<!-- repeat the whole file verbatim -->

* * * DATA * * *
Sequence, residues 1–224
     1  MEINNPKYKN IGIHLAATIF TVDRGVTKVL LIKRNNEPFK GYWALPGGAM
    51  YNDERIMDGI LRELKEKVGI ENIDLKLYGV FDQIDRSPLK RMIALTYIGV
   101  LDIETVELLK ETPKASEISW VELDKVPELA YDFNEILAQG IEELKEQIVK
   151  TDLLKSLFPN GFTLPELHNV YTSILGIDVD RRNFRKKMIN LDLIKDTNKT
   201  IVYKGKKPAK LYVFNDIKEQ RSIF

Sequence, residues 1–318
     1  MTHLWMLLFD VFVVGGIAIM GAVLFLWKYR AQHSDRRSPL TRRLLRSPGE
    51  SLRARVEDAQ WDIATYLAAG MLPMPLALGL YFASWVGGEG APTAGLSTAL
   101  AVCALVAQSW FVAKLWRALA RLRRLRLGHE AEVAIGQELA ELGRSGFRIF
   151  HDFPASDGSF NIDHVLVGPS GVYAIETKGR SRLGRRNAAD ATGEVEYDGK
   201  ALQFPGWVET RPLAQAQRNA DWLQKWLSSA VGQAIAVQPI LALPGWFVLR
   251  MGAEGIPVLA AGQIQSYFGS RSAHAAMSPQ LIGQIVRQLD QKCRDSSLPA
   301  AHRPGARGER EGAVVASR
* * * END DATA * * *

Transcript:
Sequence, residues 1–224
     1  MEINNPKYKN IGIHLAATIF TVDRGVTKVL LIKRNNEPFK GYWALPGGAM
    51  YNDERIMDGI LRELKEKVGI ENIDLKLYGV FDQIDRSPLK RMIALTYIGV
   101  LDIETVELLK ETPKASEISW VELDKVPELA YDFNEILAQG IEELKEQIVK
   151  TDLLKSLFPN GFTLPELHNV YTSILGIDVD RRNFRKKMIN LDLIKDTNKT
   201  IVYKGKKPAK LYVFNDIKEQ RSIF

Sequence, residues 1–318
     1  MTHLWMLLFD VFVVGGIAIM GAVLFLWKYR AQHSDRRSPL TRRLLRSPGE
    51  SLRARVEDAQ WDIATYLAAG MLPMPLALGL YFASWVGGEG APTAGLSTAL
   101  AVCALVAQSW FVAKLWRALA RLRRLRLGHE AEVAIGQELA ELGRSGFRIF
   151  HDFPASDGSF NIDHVLVGPS GVYAIETKGR SRLGRRNAAD ATGEVEYDGK
   201  ALQFPGWVET RPLAQAQRNA DWLQKWLSSA VGQAIAVQPI LALPGWFVLR
   251  MGAEGIPVLA AGQIQSYFGS RSAHAAMSPQ LIGQIVRQLD QKCRDSSLPA
   301  AHRPGARGER EGAVVASR